On Saturday, Oct. 19, the Johns Hopkins Carey Business School celebrated a milestone by introducing its Black Alumni Network, the school's first affinity network. Approximately 75 Carey School alumni and staff came together to mark the occasion.
The network was designed to reconnect minority alumni to the school and to create new networking and mentorship opportunities among alumni and current and prospective students.
"When the [Leadership Development Program for Minority Managers], a graduate certificate once offered, ended a number of years ago, there was nothing formal in place to keep in touch with and engage its graduates," said Black Alumni Network President John L. Green III, who graduated from the LDP program in 2000 and earned his MBA in 2004 from the Johns Hopkins School of Professional Studies in Business and Education, the immediate predecessor to Carey. "[The program] was a great feeder for minority students interested in pursuing a graduate degree at Carey, including the MBA," he added. "There are many 'double alumni' because of it."
He stressed the value of forging an engaged, evolving partnership with the highly successful professionals who graduated from the Carey School and remain passionate about it, especially those who are eager to share their expertise and experience. "We wanted to rekindle those relationships with our existing alumni base," Green continued.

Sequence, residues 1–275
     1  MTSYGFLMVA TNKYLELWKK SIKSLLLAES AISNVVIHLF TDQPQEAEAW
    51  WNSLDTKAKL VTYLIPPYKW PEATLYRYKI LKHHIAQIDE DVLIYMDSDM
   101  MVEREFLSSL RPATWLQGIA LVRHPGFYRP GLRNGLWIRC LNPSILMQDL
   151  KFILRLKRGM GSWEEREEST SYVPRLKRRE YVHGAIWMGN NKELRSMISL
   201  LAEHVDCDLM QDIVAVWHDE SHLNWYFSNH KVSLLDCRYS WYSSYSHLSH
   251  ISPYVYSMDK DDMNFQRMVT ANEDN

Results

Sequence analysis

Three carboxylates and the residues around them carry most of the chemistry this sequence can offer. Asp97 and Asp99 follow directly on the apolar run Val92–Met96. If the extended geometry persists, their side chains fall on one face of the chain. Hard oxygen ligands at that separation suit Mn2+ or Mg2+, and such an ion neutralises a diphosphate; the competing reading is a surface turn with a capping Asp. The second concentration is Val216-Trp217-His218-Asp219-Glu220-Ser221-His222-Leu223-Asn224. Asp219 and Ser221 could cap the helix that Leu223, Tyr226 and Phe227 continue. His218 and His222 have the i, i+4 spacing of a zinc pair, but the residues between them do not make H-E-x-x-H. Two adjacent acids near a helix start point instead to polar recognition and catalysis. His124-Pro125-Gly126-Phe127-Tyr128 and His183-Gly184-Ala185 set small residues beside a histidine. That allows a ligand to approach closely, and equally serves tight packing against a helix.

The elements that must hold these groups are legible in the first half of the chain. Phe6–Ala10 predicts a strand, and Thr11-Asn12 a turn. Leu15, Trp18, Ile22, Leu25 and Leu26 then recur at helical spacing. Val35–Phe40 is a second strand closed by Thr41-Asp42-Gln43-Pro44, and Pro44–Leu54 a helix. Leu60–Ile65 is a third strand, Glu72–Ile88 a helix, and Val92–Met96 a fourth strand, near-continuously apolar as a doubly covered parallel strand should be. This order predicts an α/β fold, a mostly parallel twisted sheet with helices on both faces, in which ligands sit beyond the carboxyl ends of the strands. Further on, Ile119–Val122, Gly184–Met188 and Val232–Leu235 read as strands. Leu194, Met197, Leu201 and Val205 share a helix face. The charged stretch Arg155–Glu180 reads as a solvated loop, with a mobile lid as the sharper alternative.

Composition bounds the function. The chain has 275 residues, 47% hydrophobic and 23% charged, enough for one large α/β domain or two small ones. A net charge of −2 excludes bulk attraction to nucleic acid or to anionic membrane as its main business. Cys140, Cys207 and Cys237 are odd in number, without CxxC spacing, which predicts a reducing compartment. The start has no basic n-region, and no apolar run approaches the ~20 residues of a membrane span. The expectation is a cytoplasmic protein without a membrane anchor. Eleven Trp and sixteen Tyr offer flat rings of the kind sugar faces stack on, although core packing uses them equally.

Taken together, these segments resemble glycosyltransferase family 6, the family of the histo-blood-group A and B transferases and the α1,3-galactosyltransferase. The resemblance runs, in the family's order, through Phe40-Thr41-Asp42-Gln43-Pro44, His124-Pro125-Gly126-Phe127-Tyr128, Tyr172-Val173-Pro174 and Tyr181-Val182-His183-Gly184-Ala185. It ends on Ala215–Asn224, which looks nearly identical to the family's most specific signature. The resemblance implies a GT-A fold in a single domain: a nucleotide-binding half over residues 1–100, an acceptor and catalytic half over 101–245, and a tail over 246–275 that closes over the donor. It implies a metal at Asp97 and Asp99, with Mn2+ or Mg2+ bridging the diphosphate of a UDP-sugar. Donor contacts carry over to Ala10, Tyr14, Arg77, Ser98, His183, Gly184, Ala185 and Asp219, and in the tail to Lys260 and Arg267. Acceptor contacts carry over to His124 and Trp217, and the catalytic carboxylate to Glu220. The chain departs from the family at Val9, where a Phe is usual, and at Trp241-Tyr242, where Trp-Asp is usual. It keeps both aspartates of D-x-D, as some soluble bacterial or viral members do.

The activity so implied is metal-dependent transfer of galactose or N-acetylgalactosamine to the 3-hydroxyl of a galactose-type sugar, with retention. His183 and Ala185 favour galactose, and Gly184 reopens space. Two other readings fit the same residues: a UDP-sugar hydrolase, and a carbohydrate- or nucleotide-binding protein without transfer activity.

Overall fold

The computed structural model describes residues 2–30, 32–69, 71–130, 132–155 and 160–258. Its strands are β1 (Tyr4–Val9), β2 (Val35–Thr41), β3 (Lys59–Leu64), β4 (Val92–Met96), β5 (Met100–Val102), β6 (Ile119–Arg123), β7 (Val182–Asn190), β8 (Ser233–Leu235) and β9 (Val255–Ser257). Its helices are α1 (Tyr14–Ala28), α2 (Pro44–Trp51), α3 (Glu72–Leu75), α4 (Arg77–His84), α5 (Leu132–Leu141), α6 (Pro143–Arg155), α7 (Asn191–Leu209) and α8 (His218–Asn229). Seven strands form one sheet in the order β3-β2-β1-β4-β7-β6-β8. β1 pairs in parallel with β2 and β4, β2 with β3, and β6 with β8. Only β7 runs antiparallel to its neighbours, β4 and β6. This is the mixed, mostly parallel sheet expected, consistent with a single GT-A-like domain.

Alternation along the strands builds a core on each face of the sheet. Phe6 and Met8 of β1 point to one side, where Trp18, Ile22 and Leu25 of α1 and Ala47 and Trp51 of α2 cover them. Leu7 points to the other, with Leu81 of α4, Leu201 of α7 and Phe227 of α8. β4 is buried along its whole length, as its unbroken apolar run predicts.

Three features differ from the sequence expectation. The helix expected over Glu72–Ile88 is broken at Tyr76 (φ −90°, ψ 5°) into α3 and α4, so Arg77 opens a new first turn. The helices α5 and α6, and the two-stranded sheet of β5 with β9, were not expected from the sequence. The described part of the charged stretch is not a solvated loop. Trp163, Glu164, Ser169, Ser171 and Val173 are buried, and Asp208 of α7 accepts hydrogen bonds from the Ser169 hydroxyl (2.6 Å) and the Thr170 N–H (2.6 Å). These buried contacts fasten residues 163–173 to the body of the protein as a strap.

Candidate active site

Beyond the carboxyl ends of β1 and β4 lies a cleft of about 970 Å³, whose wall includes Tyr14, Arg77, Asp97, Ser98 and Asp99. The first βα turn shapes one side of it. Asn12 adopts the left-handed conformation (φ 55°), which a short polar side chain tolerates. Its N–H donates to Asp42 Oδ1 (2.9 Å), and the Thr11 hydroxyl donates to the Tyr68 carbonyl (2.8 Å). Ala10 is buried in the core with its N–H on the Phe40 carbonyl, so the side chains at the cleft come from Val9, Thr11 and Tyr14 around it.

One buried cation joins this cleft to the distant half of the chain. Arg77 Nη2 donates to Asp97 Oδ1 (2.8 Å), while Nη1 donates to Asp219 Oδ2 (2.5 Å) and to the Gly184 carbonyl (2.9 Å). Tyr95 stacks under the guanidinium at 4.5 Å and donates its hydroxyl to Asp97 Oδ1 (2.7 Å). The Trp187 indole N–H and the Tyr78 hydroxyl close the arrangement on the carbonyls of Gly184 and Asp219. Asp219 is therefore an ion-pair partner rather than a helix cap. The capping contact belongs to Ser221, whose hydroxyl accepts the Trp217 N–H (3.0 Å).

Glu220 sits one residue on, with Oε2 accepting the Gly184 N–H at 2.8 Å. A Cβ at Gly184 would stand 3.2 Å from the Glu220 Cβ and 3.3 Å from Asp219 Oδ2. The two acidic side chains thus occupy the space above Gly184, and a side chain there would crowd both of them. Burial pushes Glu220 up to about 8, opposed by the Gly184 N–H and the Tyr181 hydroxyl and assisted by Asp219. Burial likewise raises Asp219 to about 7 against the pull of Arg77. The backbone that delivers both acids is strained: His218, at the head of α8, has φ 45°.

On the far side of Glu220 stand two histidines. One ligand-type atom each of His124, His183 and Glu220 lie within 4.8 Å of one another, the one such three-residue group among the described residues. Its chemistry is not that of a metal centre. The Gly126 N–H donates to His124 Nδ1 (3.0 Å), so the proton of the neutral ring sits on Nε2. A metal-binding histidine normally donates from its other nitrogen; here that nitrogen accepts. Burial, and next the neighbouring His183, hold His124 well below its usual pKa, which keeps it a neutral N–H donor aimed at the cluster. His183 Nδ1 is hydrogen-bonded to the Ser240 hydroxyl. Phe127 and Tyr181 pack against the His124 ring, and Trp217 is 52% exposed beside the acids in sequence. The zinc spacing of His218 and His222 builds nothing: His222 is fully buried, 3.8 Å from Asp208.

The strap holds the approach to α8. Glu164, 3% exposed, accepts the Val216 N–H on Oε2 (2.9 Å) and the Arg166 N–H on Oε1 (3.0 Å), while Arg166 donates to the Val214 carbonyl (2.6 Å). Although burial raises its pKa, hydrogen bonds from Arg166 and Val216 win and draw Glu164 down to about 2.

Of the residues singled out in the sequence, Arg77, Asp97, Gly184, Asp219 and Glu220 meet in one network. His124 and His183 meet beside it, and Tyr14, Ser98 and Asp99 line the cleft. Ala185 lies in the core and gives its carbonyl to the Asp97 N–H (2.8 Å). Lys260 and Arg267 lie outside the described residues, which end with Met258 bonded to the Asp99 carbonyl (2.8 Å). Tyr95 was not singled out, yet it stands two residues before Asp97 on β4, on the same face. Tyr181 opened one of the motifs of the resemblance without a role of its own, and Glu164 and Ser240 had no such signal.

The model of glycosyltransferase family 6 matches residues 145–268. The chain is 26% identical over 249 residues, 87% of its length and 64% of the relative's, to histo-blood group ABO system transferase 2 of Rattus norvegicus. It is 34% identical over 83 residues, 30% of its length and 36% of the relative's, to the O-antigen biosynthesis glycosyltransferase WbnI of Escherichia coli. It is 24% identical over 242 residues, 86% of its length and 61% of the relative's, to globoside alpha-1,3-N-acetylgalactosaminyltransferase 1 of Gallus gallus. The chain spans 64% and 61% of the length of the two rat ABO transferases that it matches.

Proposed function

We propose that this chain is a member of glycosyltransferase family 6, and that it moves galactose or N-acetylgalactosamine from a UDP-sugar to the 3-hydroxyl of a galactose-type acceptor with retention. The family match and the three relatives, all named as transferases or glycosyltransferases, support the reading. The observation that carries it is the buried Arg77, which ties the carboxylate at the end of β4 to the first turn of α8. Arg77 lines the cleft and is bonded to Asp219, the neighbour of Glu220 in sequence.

Many students who graduated before the Carey School was founded don't identify as Carey alumni, Green said. A core goal of the network is "bringing people back to the fold," he added.
Green and Gareth Warren, who received his MBA in 2011 and serves as vice president of the network, are busy collaborating with other members to map out a calendar of events and initiatives for 2020. Already, social media channels are buzzing with activity; the network's LinkedIn page stands at approximately 150 members and growing.
The school has made progress on other fronts in engaging minority populations, as well. In 2017, Carey launched Leading a Diverse Society, an initiative aimed at removing barriers to business education for underrepresented minorities. Fruits of those efforts have included creation of a dedicated fund to support student diversity at Carey, a mentorship program for minority students, and a first-ever Summer Business Academy in 2019, which is geared toward serving undergraduate students from historically black colleges and universities. In addition to continuing those initiatives, the network will be directly involved in the school's minority recruiting and career development efforts.
The kickoff event drew attendees who had graduated from the LDP in the '90s and many of those who graduated from the Carey School more recently. The event also drew individuals from other schools within Johns Hopkins who were interested in the network's structure and goals.
The potential of such an alumni engagement network is already producing excitement. "This is a foundational year for us," said Warren, who added "The support from Johns Hopkins and Carey has been phenomenal."
"As the first affinity-based group at Carey Business School, the Black Alumni Network is poised to set the standard for all affinity groups to follow," said Carey Dean Alexander Triantis. "This is due to the hard work of John Green and the members of the steering committee, along with Professor James Calvin, whose leadership and mentoring have inspired so many in attendance here today."